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Text Sermons : ~Other Speakers S-Z : K.P. Yohannan : How Lives are Built

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A good portion of my time is often spent with younger leaders who are experiencing some sort of difficult situation in their life or ministry. I try to help these brothers grow through the adverse circumstances of life to become more effective in their work for the Lord and to become even better leaders. The only way I can do this, though, is by showing them Jesus.
For example, several months ago one of our leaders called to tell me about a problem with which he was dealing. This particular leader had spent several years training two brothers, discipling and entrusting them with a great amount of responsibility in the work. One day, unexpectedly, they walked away from the work and joined another organization.
Not only was he upset over the situation, but also very discouraged, having lost two people he deeply cared about. As I spoke with him over the phone he said, “I wish they at least would have told me a few weeks earlier, so that I could have made arrangements for others to take over their responsibilities.” He continued to express his disappointment with a saddened heart. I asked him if he knew the reason why these brothers left. He said, “The truth of the matter is the other organization offered them a lot of money and material benefits, and that became the reason for their leaving.”
Of course, the whole reason this leader called me in the first place was to hear what I thought his next step should be. Instead of telling him “do this” or “do that,” I asked him to think with me about how Jesus would respond had He been in this situation. Together we recalled certain passages of Scripture, remembering that it was Jesus who said, “Bless those who curse you, pray for those who mistreat you. If someone strikes you on one cheek, turn to him the other also. If someone takes your cloak, do not stop him from taking your tunic. Give to everyone who asks you, and if anyone takes what belongs to you, do not demand it back” (Luke 6:28–30, NIV).
It was soon clear how Jesus would respond. This leader decided to write a letter to the head of the organization the men had joined and say all the good things he could about the two brothers who had left him. He blessed that ministry and the two brothers, promising to pray for them as they continued to serve the Lord.
It is in responding like this, in a way that mirrors Christ, that lives are built.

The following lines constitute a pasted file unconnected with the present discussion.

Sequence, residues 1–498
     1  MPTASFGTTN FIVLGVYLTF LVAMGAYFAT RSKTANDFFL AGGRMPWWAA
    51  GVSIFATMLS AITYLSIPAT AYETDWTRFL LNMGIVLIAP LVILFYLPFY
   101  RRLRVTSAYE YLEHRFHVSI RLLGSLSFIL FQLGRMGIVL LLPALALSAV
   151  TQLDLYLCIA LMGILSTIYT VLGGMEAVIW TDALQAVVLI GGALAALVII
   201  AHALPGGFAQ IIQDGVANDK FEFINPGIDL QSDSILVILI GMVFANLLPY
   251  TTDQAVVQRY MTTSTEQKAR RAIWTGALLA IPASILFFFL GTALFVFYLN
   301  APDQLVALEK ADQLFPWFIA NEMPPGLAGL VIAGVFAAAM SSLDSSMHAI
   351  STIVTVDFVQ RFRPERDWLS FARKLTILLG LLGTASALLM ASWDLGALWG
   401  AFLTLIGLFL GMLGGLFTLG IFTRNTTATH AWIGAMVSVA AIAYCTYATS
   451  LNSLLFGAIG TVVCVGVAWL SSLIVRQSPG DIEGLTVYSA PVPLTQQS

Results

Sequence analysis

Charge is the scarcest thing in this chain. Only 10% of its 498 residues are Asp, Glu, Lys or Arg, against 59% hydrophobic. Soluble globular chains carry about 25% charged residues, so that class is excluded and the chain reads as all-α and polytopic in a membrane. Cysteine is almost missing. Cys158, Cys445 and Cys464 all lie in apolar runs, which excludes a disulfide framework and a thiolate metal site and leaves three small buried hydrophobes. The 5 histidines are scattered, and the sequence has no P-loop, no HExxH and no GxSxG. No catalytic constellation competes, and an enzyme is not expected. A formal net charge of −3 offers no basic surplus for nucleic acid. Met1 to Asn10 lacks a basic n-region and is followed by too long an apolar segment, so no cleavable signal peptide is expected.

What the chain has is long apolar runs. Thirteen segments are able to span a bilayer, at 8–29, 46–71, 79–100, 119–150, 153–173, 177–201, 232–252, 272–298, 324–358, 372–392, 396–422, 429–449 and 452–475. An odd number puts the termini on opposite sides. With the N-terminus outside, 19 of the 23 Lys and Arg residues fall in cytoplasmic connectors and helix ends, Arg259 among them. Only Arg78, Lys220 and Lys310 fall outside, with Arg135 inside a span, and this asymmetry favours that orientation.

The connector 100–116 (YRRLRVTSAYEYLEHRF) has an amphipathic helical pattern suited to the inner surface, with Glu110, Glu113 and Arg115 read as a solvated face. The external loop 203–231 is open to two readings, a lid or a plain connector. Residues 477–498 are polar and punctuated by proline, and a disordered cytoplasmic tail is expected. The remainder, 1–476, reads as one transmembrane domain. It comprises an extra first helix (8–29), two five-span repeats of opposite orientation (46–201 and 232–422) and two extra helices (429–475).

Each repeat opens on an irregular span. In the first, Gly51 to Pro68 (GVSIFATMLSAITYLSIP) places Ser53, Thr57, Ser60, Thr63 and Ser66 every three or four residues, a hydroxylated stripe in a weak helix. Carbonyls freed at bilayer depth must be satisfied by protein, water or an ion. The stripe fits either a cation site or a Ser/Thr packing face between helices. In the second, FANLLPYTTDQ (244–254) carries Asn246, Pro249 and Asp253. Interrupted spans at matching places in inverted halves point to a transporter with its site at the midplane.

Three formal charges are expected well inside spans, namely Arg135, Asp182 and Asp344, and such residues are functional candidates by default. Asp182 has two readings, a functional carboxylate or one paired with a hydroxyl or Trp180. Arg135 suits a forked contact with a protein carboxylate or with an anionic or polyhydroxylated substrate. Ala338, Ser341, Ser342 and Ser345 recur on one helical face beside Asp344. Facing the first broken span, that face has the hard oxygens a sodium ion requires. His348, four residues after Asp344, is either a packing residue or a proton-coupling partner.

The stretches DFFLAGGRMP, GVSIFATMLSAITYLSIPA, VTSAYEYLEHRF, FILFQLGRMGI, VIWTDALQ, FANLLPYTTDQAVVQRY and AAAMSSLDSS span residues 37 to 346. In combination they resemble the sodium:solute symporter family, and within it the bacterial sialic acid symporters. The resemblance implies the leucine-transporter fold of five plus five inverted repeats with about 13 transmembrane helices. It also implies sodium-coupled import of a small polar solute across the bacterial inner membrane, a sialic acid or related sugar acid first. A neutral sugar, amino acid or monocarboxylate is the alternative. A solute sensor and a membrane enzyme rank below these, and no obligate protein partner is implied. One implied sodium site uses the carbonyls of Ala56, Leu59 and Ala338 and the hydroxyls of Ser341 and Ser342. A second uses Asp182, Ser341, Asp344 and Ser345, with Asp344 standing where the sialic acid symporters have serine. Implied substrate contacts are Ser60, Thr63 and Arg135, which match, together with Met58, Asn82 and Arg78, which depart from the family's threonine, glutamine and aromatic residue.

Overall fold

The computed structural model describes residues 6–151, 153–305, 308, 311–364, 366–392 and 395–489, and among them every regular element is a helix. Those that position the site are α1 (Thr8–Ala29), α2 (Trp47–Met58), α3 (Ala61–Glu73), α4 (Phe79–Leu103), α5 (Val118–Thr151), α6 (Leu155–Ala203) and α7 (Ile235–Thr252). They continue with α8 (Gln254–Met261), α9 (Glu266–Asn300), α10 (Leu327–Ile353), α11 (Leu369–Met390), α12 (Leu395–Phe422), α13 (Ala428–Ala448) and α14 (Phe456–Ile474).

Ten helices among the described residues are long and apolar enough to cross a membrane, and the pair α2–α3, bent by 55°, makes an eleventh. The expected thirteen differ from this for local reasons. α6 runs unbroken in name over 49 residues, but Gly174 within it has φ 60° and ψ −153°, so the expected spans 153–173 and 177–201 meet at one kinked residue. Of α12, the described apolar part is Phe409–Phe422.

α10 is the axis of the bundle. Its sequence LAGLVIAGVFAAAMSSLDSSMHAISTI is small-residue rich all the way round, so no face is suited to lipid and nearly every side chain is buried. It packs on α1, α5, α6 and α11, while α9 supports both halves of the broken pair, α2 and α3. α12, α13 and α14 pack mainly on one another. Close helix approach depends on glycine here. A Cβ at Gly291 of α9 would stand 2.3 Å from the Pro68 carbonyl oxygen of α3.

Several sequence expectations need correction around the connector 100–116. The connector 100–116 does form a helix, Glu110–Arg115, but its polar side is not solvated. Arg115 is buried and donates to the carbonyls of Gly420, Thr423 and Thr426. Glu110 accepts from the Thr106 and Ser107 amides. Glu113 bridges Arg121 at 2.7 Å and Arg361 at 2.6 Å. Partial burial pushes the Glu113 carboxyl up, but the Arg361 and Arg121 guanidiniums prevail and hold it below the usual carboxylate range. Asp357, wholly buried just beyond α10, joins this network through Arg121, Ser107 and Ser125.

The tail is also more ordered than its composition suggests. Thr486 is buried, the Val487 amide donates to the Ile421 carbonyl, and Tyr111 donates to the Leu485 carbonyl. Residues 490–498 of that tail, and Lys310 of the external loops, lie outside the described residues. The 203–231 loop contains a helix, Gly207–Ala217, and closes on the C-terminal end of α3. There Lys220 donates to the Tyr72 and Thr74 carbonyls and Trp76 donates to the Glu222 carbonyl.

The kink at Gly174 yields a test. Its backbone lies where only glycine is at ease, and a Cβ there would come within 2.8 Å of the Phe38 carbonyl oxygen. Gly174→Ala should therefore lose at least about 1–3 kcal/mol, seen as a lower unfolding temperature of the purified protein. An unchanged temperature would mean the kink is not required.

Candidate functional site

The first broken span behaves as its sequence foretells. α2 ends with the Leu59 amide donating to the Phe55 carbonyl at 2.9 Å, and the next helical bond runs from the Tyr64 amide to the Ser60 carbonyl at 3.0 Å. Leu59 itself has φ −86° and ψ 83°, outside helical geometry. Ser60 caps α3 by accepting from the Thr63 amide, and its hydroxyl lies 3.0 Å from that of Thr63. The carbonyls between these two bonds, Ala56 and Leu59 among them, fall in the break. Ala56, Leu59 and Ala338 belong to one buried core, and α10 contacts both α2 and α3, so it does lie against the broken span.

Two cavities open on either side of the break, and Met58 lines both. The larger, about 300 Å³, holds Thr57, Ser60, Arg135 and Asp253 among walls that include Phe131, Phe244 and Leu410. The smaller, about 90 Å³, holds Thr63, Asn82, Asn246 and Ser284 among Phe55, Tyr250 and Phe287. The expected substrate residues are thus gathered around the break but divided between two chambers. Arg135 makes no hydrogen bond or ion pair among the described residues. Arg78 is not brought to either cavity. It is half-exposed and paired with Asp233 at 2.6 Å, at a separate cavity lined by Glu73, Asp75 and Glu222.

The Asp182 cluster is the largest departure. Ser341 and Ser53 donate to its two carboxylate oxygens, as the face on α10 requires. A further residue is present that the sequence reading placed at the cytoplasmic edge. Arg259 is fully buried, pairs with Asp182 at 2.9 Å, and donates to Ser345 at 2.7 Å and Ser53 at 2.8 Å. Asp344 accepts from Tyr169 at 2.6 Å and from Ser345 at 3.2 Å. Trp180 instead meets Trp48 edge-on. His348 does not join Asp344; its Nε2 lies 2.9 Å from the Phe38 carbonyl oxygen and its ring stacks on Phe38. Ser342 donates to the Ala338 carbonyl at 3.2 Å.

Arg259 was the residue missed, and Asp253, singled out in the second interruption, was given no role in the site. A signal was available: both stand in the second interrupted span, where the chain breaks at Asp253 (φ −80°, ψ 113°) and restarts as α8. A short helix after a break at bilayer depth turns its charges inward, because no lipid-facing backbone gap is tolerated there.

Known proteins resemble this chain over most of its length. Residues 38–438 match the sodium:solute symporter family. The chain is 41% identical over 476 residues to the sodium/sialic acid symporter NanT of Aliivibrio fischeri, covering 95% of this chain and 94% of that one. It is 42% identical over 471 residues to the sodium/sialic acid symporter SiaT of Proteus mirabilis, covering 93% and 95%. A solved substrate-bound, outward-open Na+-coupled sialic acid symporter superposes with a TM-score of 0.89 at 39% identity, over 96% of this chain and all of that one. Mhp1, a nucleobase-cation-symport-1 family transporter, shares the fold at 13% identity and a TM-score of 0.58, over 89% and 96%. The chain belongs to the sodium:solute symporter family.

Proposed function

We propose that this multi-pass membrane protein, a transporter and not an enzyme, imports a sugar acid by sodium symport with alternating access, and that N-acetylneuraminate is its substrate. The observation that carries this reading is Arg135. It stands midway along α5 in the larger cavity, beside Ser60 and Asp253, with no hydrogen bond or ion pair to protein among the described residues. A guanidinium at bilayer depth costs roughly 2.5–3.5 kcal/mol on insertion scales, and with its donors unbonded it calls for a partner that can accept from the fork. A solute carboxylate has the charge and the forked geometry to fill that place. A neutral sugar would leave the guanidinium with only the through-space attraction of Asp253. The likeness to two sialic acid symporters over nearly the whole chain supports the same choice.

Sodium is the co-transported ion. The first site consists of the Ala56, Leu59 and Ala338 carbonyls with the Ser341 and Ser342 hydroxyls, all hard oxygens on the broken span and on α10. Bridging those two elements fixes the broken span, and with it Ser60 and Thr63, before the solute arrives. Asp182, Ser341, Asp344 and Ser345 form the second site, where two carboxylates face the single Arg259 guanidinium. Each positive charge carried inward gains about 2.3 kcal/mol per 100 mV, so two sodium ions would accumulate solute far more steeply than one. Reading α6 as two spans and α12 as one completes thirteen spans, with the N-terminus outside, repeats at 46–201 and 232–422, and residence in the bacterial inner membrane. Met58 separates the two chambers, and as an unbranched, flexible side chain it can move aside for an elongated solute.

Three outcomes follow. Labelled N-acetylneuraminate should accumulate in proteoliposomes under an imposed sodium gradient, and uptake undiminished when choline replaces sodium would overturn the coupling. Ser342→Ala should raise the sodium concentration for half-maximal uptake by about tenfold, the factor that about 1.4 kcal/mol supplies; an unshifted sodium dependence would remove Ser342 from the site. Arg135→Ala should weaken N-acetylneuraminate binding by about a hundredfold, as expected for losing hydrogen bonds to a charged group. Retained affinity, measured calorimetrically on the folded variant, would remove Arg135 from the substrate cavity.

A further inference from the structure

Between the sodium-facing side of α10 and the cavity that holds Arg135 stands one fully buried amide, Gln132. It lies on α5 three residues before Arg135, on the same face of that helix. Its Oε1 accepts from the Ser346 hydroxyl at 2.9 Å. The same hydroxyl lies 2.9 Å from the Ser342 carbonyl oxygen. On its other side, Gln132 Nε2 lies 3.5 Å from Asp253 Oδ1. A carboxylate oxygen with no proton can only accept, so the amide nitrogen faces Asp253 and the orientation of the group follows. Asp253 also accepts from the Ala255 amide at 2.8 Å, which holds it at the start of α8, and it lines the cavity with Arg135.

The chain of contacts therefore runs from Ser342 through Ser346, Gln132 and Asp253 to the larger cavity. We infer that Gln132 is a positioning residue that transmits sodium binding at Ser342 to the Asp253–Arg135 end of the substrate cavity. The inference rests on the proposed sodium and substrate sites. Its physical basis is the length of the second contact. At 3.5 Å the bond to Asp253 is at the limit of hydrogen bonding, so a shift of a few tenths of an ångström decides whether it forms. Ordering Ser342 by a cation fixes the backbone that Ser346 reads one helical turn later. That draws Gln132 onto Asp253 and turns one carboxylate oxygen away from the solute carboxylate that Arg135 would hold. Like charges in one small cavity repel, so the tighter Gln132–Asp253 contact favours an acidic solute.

We all desire to become mature Christians and to be used by God. And we all have difficulties in our life as well. What we must see is that maturity often comes only through difficulty—it does not occur in a vacuum or a totally sterile and completely peaceful and happy environment in which we always get what we want. No. Christian maturity— Christlikeness—happens only as we live like Him in this fallen world. Through difficulties, God works maturity into our lives, producing good in us, to the praise of the Father!
As Jesus’ ministry on this earth was soon coming to an end, He prayed for the disciples and for all those who would come to believe on His name some day. It is interesting what He prayed: “I do not pray that You should take them out of the world, but that You should keep them from the evil one” (John 17:15). Jesus left us in the world, not to become a part of it but to learn more of Him through each trial and tribulation. As we see Jesus in the midst of our days, just as the disciples did, our lives are shaped and we are made into His image.
We are in the world to be changed into His likeness and to ref ect His character and glory in every situation. Hebrews 5:8 says that Jesus “learned obedience by the things which He suffered.” If the Son of God learned obedience through the things He experienced on the earth, then the same should be true for us.
Think about Abraham, Moses, Daniel, Gideon, Peter or Paul. Read about the lives of modern-day saints like Sadhu Sundar Singh, Pandita Ramabai, John Hyde, George Muller or Gladys Aylward. These people were made and shaped into those whom we esteem today by the difficulties and hardships they endured. They allowed themselves to be taught by God in each situation.
We must keep in mind, though, that this is a continual, daily process; none of us is fashioned into the image of Christ overnight. It takes years and many situations, but as you continue to choose to reflect Jesus in every situation, He will transform you to live this life pleasing to Him, bringing Him glory. And in each event we face, we can have the confident hope that “all things work together for good to those who love God, to those who are the called according to His purpose. For whom He foreknew, He also predestined to be conformed to the image of His Son” (Romans 8:28–29).
It is His grace that allows us to respond in this life as He would. It is His strength that carries us along this journey to learn from Him and become like Him. Jesus still calls to us today saying, “Come to Me . . . and learn from Me . . . ” (Matthew 11:28–29, emphasis mine). Please, I urge you, open your Bible and step into your own journey with Jesus. Ask the Holy Spirit to help you see Jesus through the pages of Scripture and to show you how to imitate Him in your life situations today. Just like the disciples, it is only as we see Jesus that we become like Him and make a difference in our generation.





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